Amadou & Miriam mix it up
Amadou Bagayoko and Mariam Doumbia met at Mali’s National Institute for the Young Blind, where they both performed in the orchestra. The traditional sounds and rhythms that surrounded them in Bamako, Mali’s capital, remain the foundation of their music. But there’s much more to their story. Asked to name their biggest inspirations, musical and otherwise, electric guitarist and singer Bagayoko responds in French: “Le Pink Floyd. Le Led Zeppelin. John Lee Hooker for the blues side. And Jimi Hendrix.
“Stevie Wonder,” he adds quickly, from a hotel in Montreal.
Early in their career—while living in Ivory Coast during the late ’80s—Amadou & Mariam met and jammed with Wonder. The interest and support of the legendary blind U.S. singer proved a great motivator for their music. But it took another decade of playing small stages around West Africa before the husband-and-wife team started touring in Europe and beyond.
The big break came nine years ago, when French rock and world-music guerrilla Manu Chao came forward to produce and play on the album Dimanche à Bamako, which sold more than 300,000 copies. Amadou & Mariam became music stars themselves, opening for U2 and performing at the 2010 FIFA World Cup celebrations in South Africa.
“Our latest release, Folila, our seventh, was recorded in Paris, Bamako, and New York,” Bagayoko notes. “We had a number of guests help out—including Santigold, TV on the Radio, and Jake [Shears] from Scissor Sisters. The title means simply ‘music’, and there are plenty of traditional [Malian] instruments as well as modern ones. Ever since we started to make our own music the base of our inspiration is traditional Malian music, the Bambara music of Bamako, Ségou, and other cities, and we include djembe in our percussion. On this tour we’re playing a mix of songs from Folila and our other albums.”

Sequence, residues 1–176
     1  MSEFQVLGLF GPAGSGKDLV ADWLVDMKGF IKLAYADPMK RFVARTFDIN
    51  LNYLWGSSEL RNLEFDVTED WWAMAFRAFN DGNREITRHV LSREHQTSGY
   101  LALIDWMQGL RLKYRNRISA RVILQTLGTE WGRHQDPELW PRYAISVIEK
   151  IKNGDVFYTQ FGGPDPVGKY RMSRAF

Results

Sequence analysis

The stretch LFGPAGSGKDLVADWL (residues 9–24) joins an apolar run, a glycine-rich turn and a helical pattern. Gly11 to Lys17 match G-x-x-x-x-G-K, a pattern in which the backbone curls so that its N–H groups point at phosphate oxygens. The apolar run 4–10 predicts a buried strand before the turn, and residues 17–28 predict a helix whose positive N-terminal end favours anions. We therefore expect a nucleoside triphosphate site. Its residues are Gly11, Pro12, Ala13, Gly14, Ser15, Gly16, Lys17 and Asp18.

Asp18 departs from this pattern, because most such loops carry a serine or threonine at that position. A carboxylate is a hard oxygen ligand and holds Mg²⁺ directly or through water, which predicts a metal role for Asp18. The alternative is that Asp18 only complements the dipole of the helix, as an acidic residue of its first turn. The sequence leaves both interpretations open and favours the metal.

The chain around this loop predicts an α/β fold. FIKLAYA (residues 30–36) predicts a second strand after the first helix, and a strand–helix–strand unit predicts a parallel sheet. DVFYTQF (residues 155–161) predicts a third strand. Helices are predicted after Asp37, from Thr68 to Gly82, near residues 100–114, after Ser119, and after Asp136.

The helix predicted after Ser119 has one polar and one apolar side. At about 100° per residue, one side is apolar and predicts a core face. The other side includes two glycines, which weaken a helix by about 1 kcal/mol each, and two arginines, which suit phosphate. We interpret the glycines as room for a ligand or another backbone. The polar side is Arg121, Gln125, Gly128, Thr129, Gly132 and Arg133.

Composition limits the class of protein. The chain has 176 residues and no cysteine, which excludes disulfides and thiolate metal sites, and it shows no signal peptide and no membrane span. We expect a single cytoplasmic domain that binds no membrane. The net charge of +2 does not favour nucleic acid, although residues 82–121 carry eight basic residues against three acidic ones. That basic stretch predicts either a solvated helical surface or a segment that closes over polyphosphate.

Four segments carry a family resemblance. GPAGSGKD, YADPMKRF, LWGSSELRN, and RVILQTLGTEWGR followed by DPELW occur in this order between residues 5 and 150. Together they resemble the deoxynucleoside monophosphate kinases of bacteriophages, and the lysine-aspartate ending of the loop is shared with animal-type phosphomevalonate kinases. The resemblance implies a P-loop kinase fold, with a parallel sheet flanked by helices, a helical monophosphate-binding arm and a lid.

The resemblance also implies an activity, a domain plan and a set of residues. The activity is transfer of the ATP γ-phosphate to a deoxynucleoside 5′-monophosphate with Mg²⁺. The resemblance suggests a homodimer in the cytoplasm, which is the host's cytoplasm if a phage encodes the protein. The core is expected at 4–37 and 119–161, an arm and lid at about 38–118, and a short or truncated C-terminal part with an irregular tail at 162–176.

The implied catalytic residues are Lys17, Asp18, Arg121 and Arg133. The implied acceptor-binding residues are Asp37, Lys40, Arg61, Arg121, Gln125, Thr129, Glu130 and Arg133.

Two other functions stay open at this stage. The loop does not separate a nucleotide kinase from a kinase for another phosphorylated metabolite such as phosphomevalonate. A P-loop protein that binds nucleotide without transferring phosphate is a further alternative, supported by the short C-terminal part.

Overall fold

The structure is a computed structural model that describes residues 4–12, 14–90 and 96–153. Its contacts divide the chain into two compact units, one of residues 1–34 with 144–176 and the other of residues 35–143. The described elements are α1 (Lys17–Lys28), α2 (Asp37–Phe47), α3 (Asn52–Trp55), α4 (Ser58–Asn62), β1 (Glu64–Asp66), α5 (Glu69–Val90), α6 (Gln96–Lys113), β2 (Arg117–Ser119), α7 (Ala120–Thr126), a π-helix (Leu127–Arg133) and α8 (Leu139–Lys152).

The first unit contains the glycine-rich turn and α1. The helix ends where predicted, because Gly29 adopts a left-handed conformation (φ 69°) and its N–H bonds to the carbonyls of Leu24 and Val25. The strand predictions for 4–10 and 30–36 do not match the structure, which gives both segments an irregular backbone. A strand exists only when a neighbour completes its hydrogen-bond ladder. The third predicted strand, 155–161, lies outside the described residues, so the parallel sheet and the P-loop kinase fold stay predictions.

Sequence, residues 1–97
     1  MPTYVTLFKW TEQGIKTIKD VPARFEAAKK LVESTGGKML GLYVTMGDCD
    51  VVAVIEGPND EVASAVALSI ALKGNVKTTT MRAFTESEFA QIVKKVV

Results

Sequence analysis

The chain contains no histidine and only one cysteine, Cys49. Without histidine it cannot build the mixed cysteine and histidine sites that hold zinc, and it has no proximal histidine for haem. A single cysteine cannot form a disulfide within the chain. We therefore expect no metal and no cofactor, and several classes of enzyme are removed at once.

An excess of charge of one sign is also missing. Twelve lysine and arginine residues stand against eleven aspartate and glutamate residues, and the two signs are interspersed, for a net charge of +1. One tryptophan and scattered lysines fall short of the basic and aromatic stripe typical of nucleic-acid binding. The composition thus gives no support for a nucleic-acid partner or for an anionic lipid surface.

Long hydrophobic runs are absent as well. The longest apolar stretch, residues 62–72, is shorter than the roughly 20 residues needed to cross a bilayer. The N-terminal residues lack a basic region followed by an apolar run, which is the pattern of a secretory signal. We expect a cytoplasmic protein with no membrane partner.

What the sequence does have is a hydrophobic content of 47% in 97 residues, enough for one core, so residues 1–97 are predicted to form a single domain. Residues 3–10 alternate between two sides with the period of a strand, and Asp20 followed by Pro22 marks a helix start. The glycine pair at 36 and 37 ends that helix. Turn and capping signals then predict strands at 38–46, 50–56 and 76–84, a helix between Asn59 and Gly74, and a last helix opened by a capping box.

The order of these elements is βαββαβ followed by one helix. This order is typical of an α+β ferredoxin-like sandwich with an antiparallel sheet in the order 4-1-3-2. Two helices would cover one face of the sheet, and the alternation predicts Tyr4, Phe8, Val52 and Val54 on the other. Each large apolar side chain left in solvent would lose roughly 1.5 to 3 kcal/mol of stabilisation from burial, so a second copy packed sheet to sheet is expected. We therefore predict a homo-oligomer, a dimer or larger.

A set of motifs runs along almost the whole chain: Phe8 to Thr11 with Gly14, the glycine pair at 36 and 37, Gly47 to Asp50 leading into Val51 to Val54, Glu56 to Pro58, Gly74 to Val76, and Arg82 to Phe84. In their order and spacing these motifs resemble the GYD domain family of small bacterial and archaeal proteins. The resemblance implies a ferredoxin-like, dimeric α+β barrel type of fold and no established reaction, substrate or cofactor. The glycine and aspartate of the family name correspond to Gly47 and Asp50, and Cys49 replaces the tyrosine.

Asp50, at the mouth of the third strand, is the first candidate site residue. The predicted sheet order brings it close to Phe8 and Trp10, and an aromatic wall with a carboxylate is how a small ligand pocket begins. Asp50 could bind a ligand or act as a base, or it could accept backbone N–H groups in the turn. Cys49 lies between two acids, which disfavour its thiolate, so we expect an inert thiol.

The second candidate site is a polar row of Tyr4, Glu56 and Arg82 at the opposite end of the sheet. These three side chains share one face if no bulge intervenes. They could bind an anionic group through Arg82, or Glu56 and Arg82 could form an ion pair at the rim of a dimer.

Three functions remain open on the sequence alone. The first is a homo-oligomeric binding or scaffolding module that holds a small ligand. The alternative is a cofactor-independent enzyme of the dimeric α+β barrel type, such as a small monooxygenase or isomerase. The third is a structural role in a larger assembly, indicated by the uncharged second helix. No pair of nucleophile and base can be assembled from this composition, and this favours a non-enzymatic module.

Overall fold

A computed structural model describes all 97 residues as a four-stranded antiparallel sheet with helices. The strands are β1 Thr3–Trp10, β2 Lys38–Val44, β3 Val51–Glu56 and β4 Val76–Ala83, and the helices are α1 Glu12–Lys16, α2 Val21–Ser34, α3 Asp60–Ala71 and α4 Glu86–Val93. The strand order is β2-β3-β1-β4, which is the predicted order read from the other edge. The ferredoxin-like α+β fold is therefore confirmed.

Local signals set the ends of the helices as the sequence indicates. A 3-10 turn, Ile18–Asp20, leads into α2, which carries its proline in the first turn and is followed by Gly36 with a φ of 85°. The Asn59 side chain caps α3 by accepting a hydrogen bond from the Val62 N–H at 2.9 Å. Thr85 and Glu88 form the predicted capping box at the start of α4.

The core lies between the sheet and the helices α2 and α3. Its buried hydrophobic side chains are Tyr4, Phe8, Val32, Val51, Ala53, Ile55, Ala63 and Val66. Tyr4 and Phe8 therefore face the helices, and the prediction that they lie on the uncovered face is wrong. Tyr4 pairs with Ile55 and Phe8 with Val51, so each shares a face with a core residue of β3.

The globetrotting couple is happy to be back in Canada, Montreal in particular—a city they’ve come to know well. “We’ve played here many times over the years. We have a lot of friends, and it’s great to be with them again.”
Currently, Amadou & Mariam are based in France, and this fall they’ll be performing in some of the economically and culturally deprived communities on the outer fringes of Paris. “People from the suburbs normally only get to see us on TV, because there’s no way they can afford to go to the Olympia or La Cigale [two major concert halls in Paris],” Bagayoko says. “So we decided to get closer to them. It’s the first time we’ve tried such a venture, and we’re really looking forward to it.”
Amadou & Mariam perform at the Burnaby Blues & Roots Festival this Saturday (August 11).